Why Is the ‘She-Hulk: Attorney at Law’ Anger Scene So Divisive?
Disney+’s She-Hulk: Attorney at Law has been … divisive—in both the boring way that all female-led superhero products are and in good-faith criticism of how small the milestones have been for said female-led superhero works. One scene that has been much discussed is when Jennifer Walters (Tatiana Maslany) explains to her cousin Bruce Banner (Mark Ruffalo) why she is so good at controlling her anger—and her Hulk form.
For context, Jen has become a Hulk, and Bruce is in his Smark Hulk form, trying to help her control her newfound abilities. However, she’s already much further along than Bruce is. In the comics, it is because her Hulk mutation is milder than Bruce’s, but the TV series has chosen to make it slightly more “girl-boss,” which is … a choice. But whatever.
Bruce is talking about controlling anger, and Jen responds, “Well, here’s the thing, Bruce: I’m great at controlling my anger. I do it all the time. When I’m catcalled in the street, when incompetent men explain my own area of expertise to me. I do it pretty much every day, because if I don’t, I’ll get called ’emotional’ or ‘difficult,’ or might just literally get murdered. So I’m an expert at controlling my anger because I do it infinitely more than you!”
Director Kat Coiro explained to Total Film:
“I think the best way to drive things home is through humor and to not feel like we’re teaching everybody a lesson, but rather expressing something that is true in an engaging way that makes people think about it afterwards. The conversations about rage and what it means to be a woman walking through the world were front and center for all of us at the helm.
“What does it mean to be a woman walking down a dark alley at night? What does it mean to be a woman getting hit on at a bar by someone you have no interest in, but feel like you have to be polite because you’re scared for your safety? What does it mean that we have all this history of superheroes reaching rage level 10? What happens when our girl shows rage? How is that perceived by the world?’ These conversations were definitely a part of the show from its inception. But the fact that it’s a comedy and it’s entertaining, and all of this is explored through undertones is what I think makes it effective in showing people the world through the female lens.”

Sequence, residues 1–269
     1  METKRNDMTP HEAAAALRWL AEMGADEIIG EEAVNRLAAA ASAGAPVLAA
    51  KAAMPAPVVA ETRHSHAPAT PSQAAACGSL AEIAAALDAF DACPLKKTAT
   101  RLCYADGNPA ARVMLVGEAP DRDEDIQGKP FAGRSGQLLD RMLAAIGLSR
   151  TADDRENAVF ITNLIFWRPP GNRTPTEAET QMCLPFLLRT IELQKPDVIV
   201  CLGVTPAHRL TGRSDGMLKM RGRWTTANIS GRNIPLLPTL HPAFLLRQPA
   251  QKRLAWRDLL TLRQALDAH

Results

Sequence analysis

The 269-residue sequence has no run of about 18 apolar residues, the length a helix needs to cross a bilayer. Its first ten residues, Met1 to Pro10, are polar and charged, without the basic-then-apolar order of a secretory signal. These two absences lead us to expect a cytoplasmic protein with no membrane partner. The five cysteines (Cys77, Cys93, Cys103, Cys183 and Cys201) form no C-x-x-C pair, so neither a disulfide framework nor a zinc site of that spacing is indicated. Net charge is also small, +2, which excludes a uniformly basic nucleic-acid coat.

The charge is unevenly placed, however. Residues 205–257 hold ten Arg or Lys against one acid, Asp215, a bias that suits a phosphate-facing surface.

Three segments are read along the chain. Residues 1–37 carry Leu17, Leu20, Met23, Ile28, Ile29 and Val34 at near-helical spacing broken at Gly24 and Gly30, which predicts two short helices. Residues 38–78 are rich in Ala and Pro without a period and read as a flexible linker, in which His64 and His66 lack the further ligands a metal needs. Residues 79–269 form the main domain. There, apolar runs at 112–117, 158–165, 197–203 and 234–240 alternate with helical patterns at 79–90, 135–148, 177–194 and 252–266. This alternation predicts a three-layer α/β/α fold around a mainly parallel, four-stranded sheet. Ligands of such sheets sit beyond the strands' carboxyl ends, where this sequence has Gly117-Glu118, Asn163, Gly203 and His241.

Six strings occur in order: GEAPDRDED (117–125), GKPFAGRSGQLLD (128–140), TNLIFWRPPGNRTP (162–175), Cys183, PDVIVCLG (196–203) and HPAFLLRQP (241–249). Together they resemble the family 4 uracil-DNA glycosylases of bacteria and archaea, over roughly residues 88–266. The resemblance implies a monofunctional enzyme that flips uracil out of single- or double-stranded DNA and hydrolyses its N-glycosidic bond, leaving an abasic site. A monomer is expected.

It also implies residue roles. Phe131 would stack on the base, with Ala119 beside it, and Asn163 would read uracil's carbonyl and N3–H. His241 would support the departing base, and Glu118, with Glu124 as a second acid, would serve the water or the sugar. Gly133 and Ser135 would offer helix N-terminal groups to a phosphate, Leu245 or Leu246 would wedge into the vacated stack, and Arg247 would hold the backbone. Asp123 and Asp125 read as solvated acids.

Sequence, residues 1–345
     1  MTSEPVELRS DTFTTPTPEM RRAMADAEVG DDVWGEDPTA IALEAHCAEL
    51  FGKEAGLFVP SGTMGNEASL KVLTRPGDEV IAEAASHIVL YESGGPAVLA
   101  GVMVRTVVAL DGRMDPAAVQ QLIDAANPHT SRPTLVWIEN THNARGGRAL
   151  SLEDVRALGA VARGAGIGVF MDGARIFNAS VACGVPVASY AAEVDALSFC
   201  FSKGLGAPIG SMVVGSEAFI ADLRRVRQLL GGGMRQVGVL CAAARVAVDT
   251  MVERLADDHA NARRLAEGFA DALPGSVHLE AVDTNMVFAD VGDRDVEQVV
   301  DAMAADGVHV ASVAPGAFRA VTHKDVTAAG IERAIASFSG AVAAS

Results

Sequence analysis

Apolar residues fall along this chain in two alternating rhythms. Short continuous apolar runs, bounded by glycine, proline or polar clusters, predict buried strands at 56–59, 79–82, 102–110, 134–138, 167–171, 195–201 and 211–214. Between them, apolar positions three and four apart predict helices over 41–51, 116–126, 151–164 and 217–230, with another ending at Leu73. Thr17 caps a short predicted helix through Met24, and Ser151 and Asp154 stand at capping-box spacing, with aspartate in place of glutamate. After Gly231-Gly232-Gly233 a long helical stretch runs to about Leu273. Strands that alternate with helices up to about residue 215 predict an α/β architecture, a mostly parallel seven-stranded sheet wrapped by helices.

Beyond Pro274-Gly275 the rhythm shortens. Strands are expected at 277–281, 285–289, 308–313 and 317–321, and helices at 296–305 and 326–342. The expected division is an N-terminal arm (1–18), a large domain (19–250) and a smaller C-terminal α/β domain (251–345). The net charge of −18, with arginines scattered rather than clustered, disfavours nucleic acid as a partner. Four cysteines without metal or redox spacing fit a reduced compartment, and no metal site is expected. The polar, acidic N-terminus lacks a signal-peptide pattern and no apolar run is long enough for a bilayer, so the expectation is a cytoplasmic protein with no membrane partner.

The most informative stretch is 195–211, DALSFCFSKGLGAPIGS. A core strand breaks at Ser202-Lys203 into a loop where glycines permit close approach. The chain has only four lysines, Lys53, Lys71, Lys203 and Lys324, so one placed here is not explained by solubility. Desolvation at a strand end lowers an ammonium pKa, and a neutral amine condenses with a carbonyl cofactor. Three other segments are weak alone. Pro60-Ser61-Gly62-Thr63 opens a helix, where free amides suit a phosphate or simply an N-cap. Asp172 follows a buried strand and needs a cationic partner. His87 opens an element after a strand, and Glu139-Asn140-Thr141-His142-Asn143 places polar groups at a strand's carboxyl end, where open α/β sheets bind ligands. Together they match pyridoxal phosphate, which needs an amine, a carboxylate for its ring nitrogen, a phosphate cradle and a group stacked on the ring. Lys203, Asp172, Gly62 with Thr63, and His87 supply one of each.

There have been three camps I’ve seen respond to this scene:
Camp One: Those who are glad that a male audience will get this perspective. It is good to see a woman discuss this candidly, even if it is pretty basic. It at least starts a conversation about what it feels like to operate in a world where you have to deal with sexist bullshit.
Camp Two: Sexists who don’t get that being catcalled can be dangerous. I’ve seen at least one man say that if being catcalled is the worst thing you deal with, that is a privilege. As someone who has been catcalled since they were twelve years old, I can tell you it doesn’t feel like a privilege, but thanks. Catcalling is not about attraction; it is about power, and while sometimes it can be flirty, many women and femme-presenting people are inherently anxious about it turning violent. The line from “damn, you are sexy” to getting called an “uppity bitch” is very, very thin.
Camp Three: Marginalized female-presenting folks who feel this dialogue feels weak when we have yet to see anything like this for WOC on trans women—who already barely exist in these fictional worlds. While this episode was written by Jessica Gao, who is of Chinese heritage, it does still feel frustrating. After that “Lady Avengers” team-up, it has been hard to see anything feminist from Disney in good faith.
Any progress they make (WandaVision) seems to change from film to film (Doctor Strange 2). As much as it is notable to have a white women share this experience, how often do we get the BIPOC perspective? The dual fear of being catcalled and feeling threatened, but also not wanting to call for help or the police because you don’t want the marginalized, unhoused person who did it be arrested (or worse, shot), you just want it to stop.
We barely see those perspectives, and with diversity still feeling like a catch-up at Marvel, it can be hard to see this as something worth celebrating when it can only be done through a white lead.
What did you think of the scene? Are you of the DLC Camp Four that just doesn’t care because it’s just a Marvel show?
(featured image: Disney+)
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